▪ Our most curious class was simply called “All Red Blends,” priced between $10 and $20. As a measure of just how popular this ambiguous style has become, we tasted 66 of them while a neighboring panel tasted 64 more. Any sort of black grape can go into this type of wine, and the wines can vary in impact from readily accessible to frightfully rigid.
The number of entries for this class reflects several currents in the wine trade: Consumers have stopped insisting on drinking only varietal wines and are more receptive to proprietary blends, especially, so it seems, when they are cleverly named and their label is artful. More varieties of grapes are being grown, and vintners are nervous about whether consumers will accept them as varietal wines, so they are throwing them into the same vat. New wine regions are being developed, and not all areas are as receptive to certain varieties as growers had hoped, so weak juice is being blended with stronger (think syrah). Finally, just about every winemaker will tell you that blends make a more complex and elegant wine at just about every price point.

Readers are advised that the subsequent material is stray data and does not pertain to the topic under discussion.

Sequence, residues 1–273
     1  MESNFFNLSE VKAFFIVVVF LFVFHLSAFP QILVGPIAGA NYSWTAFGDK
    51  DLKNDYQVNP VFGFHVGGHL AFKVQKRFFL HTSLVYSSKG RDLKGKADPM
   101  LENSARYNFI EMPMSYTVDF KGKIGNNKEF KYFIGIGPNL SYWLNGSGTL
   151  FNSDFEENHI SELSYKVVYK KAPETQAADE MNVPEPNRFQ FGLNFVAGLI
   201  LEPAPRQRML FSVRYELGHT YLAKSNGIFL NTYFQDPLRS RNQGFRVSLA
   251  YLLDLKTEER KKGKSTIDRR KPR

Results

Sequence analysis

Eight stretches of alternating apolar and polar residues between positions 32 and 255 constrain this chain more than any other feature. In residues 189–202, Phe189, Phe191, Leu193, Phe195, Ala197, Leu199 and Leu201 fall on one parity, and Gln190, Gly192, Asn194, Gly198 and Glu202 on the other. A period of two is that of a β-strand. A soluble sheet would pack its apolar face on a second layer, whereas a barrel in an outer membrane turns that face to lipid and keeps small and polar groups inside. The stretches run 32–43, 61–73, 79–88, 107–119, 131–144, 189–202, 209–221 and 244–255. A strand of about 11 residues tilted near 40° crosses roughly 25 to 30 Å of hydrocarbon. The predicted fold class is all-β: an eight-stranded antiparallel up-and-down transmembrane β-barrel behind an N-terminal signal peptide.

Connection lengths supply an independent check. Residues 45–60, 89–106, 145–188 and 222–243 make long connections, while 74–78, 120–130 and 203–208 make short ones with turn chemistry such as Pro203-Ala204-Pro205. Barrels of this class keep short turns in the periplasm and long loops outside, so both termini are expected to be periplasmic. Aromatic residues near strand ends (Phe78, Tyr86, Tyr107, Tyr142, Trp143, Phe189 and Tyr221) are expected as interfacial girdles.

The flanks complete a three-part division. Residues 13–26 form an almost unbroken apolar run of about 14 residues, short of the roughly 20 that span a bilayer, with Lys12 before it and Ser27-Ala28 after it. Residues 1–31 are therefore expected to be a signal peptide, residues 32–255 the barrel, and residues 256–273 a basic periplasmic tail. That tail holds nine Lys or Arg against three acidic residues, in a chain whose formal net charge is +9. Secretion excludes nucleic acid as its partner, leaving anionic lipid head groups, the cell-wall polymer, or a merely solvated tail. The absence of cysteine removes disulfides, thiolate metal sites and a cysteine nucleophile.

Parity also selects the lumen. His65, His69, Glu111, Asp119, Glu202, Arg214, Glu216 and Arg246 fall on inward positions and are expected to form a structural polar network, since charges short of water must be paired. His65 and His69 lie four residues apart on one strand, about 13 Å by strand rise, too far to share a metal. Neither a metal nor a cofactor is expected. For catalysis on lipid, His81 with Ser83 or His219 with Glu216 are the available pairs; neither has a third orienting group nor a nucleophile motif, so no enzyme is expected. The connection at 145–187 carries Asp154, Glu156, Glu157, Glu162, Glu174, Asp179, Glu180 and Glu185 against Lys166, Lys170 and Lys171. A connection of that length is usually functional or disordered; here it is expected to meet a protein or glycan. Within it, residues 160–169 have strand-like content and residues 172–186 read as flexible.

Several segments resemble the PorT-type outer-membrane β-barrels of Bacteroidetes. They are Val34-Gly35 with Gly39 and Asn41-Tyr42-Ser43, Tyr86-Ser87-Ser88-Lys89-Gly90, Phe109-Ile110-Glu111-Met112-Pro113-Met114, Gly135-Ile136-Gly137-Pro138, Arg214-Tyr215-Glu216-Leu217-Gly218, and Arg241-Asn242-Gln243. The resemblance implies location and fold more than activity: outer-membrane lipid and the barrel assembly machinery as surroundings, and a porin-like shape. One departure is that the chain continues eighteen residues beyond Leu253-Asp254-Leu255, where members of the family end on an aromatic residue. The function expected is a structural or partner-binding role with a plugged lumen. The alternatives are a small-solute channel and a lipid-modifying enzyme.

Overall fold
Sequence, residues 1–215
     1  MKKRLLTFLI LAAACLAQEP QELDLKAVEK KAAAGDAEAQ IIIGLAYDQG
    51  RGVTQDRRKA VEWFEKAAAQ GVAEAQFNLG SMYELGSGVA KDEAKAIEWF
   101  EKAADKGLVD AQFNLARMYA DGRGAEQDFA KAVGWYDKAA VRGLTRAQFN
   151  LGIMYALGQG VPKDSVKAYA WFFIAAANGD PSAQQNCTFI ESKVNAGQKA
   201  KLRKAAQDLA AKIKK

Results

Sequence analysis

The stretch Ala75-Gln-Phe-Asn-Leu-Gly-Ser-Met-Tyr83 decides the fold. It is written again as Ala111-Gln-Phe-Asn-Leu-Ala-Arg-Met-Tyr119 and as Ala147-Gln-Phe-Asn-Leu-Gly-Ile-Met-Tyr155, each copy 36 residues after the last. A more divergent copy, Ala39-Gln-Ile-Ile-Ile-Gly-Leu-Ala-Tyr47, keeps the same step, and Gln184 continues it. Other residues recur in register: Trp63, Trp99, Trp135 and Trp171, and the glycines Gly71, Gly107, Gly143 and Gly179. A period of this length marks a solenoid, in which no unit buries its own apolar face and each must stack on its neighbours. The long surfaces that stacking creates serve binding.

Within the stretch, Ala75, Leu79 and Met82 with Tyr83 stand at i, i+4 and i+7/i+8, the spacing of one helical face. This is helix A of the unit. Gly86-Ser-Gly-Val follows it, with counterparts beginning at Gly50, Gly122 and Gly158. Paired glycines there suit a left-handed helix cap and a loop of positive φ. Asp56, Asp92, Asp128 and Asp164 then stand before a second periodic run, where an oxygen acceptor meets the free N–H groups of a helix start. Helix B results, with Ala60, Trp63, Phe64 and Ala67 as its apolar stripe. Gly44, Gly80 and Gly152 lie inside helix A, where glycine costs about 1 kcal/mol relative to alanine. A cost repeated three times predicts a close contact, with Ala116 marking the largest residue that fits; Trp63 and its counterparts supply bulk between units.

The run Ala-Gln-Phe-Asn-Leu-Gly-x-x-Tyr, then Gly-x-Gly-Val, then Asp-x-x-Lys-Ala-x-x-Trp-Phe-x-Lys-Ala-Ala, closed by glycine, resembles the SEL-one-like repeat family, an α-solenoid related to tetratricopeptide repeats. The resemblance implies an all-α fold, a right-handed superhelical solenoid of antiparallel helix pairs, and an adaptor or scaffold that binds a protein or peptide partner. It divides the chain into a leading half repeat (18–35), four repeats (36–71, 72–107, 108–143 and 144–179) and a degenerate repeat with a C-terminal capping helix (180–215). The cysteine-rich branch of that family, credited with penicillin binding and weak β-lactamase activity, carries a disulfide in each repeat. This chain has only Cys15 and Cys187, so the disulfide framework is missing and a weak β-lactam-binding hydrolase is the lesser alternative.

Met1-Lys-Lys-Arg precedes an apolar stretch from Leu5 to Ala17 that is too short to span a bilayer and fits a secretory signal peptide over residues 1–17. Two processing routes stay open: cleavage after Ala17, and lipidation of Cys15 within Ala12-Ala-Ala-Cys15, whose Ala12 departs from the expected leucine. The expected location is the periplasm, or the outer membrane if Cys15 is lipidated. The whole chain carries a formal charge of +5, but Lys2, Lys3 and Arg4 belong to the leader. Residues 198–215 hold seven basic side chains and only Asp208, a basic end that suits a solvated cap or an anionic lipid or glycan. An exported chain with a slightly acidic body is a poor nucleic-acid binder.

We gave 10 of the wines gold medals, a respectable percentage for any class of wines. Our best of class was the sweetly fruity and friendly Whiplash 2013 California Red Wine, a blend of 35 percent zinfandel, 25 percent cabernet sauvignon, 23 percent malbec and smaller portions of petite sirah and tempranillo ($16).
Others I especially liked were the fruity, lively and lean Francis Ford Coppola 2014 California Rosso ($8/$12), almost Beaujolais-like in its youthfulness and unassuming vitality; the lushly sweet Smashberry 2013 California Central Coast Red Wine ($15); and the fresh and spirited Navarro Vineyard 2014 Mendocino County Navarrouge, an unusual blend showing primarily the spice of zinfandel and the fresh cherry/berry fruit of pinot noir ($16).
3 of the golds went to a single winery making riesling in California